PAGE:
On April 18, 1951, six founder members signed the Treaty of Paris (1951) that formed the basis of the European Coal and Steel Community. They declared this date and the corresponding democratic, supranational principles to be the "real foundation of Europe." Three Communities have been created so far. The Treaties of Rome, 1957, created the Economic community and the nuclear non-proliferation Community, Euratom. Together with intergovernmental machinery of later treaties, these eventually evolved into the European Union. The Schuman Declaration was made on 9 May 1950 and to this day May 9 is designated Europe Day.

As Prime Minister and Foreign Minister Schuman was also instrumental in the creation of the North Atlantic Treaty Organization, NATO. Schuman also signed the Treaty of Washington for France. The defensive principles of NATO's Article 5 were also repeated in the European Defense Community Treaty which failed as the French National Assembly declined to vote its ratification. Schuman was a proponent of an Atlantic Community. This was strongly resisted by Communists, ultranationalists, and Gaullists. Schuman was quickly joined by the Italian leader, Alcide De Gasperi and by the German Chancellor, Konrad Adenauer. Both men shared his vision of making war not only unthinkable but "materially impossible" and united their nations with his behind the new Community. In this task, they were assisted by Jean Monnet, who had drafted the Declaration. Monnet served as first president of the High Authority from 1952 until 1955.

European politics

Schuman later served as Minister of Justice before becoming the first President of the European Parliamentary Assembly (the successor to the Common Assembly) which bestowed on him by acclamation the title "Father of Europe." In 1958, he received the Karlspreis, an Award by the German city of Aachen to people who contributed to the European idea and European peace, commemorating Charlemagne, ruler of what is today France and Germany, who resided and is buried at Aachen.

Religious faith

Celibate, modest and un-ostentatious, Schuman was an intensely religious man and Bible scholar. He was strongly influenced by the writings of Pope Pius XII on social responsibility, St. Thomas Aquinas and Jacques Maritain. He attended mass daily. Zin writes that his "faith determined all his commitment and illuminated his political action."[2] Schuman wrote:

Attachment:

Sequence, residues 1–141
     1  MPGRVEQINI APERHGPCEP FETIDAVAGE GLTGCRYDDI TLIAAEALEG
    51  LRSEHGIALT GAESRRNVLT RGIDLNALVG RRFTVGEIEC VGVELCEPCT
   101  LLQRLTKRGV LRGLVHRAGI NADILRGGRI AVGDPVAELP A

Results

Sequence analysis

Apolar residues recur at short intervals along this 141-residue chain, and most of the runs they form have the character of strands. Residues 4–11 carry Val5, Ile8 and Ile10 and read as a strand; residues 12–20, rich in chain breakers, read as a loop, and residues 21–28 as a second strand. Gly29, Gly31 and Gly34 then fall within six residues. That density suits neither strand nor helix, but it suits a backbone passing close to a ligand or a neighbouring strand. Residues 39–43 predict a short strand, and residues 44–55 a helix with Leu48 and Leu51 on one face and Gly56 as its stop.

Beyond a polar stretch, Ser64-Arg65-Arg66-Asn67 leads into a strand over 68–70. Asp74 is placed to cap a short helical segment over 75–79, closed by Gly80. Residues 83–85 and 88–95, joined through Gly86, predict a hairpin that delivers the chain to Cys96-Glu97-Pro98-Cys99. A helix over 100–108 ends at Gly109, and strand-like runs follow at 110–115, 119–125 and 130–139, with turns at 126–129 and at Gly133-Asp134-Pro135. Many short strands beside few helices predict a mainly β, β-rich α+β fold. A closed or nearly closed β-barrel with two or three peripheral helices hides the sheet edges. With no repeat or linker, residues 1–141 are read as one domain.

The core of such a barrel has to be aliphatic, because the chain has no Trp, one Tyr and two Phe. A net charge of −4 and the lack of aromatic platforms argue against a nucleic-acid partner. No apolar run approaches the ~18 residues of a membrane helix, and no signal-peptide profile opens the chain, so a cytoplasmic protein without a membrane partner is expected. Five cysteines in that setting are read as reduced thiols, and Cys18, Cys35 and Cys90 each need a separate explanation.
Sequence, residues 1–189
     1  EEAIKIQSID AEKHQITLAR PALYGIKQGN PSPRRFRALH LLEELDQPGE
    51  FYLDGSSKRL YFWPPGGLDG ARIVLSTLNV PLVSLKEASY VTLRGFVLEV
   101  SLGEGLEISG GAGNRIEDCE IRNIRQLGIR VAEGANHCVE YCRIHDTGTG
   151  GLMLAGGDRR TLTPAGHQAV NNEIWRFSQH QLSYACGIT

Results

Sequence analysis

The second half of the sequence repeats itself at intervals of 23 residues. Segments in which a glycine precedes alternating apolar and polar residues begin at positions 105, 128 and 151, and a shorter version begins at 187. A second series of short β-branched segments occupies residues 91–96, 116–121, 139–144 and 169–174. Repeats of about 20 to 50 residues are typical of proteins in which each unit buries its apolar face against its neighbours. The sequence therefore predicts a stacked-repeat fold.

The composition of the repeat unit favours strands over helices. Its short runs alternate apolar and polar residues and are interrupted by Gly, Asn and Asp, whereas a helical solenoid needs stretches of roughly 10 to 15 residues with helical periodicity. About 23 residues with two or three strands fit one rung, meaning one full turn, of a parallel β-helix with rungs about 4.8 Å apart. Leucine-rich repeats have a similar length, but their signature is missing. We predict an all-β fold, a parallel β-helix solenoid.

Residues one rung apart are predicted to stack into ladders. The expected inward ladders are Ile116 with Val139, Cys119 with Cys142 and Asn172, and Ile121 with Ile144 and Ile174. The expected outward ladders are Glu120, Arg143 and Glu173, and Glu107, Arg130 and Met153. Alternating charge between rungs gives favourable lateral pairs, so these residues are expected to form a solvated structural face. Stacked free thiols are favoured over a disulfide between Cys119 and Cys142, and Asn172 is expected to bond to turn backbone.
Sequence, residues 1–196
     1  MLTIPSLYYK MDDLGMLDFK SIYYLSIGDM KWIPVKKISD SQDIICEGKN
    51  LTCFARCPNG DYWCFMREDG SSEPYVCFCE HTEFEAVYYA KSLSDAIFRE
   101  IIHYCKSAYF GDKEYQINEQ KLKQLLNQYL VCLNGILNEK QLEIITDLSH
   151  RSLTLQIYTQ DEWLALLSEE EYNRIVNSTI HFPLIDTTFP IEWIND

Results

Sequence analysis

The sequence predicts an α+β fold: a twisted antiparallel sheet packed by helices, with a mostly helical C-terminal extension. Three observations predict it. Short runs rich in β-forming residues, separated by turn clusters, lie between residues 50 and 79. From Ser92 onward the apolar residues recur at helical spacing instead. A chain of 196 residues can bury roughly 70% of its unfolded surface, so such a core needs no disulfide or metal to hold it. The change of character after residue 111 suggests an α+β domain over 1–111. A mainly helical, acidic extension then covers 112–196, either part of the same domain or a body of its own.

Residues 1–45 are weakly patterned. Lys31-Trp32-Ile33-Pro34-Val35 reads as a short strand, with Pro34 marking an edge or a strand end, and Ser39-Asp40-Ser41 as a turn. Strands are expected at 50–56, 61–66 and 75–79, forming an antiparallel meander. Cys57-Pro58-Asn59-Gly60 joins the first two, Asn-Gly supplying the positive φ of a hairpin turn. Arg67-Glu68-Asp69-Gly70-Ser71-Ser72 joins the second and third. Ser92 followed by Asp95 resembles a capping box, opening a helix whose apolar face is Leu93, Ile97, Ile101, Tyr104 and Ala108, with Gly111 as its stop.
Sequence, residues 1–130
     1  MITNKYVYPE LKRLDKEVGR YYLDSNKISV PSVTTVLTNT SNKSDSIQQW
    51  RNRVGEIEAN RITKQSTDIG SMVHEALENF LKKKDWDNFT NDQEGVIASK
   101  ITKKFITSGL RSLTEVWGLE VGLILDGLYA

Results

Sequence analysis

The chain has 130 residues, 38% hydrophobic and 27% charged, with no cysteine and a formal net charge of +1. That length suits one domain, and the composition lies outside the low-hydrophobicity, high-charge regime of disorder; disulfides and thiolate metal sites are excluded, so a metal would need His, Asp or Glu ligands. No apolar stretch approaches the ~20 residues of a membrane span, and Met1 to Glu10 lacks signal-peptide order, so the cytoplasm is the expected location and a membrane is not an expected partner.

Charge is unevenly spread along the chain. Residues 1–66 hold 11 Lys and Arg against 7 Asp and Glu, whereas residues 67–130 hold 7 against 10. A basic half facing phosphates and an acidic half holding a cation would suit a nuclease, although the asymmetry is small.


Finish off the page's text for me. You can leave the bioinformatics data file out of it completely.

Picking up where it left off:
Democracy owes its existence to Christianity. It was born the day man was called to realize in his daily commitment the dignity of the human person in his individual freedom, in the respect of the rights of everyone, and in the practice of brotherly love towards all. Never, before Christ, had similar concepts been formulated."[3]

In the same book, he spoke of how Europe was finally throwing off the "bonds of hate and fear" and realizing what "Christian brotherhood means."[4]

He was also a knight of the Order of Pope Pius IX.

Concept of supranational democracy

The Schuman Declaration anticipated the development of a European Federation. However, this was to be based on the principle of supranational democracy. Schuman saw this as a new development for humanity. Nations would choose to share power with others within democratic institutions. Nations would retain sovereignty, not cede this to a federal body. Participation in the supranational institutions would be voluntarily, governed by agreed rules. As the European Community developed, since a majority decision could compel a member state to act contrary to its interests, states retain the right of veto. Or, they can opt from aspects of policy or practice. There is little doubt, though, that Schuman thought the nation-state model had a limited future. He wanted to see old-style patriotism that too often fueled hostility towards other peoples replaced by a new style. This would value all that enriches humanity. It would open people up to the wealth and richness of human achievements; pride in cultural products would replace pride of race.

Old style nationalism led to competition and war; new style would result in cooperation within a democracy of democracies. Schuman consistently stressed the final goal of world peace. He saw the Community as distinctive because it existed to abolish war, whereas most alliances have been defensive. For the Community, ending war was not to be merely a pleasant dream or a noble goal; it was to actively work towards this. "World peace cannot be safeguarded without the making of creative efforts proportionate to the dangers which threaten it," said the Declaration.[1] The United Nations was to be regularly informed about progress. He was adamant that any attempt to exclude or sideline Germany in post World War II developments would be suicidal, repeating the mistake made after World War I.